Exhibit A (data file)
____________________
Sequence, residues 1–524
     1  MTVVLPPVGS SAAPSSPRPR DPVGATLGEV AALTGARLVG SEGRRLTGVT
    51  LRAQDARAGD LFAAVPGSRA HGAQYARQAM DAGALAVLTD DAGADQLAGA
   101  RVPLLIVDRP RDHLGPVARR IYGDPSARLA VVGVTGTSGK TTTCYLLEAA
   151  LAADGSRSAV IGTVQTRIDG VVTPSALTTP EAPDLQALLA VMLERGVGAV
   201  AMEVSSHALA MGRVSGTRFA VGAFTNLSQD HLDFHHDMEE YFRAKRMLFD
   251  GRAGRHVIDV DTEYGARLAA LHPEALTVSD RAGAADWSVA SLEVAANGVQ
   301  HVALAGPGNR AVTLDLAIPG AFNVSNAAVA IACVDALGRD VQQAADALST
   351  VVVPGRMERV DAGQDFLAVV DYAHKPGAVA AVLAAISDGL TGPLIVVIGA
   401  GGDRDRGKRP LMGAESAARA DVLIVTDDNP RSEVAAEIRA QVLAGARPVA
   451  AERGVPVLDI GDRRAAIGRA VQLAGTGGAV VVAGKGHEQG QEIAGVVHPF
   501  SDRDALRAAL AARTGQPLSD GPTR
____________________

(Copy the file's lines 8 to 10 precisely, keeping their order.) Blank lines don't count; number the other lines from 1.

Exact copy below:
   301  HVALAGPGNR AVTLDLAIPG AFNVSNAAVA IACVDALGRD VQQAADALST
   351  VVVPGRMERV DAGQDFLAVV DYAHKPGAVA AVLAAISDGL TGPLIVVIGA
   401  GGDRDRGKRP LMGAESAARA DVLIVTDDNP RSEVAAEIRA QVLAGARPVA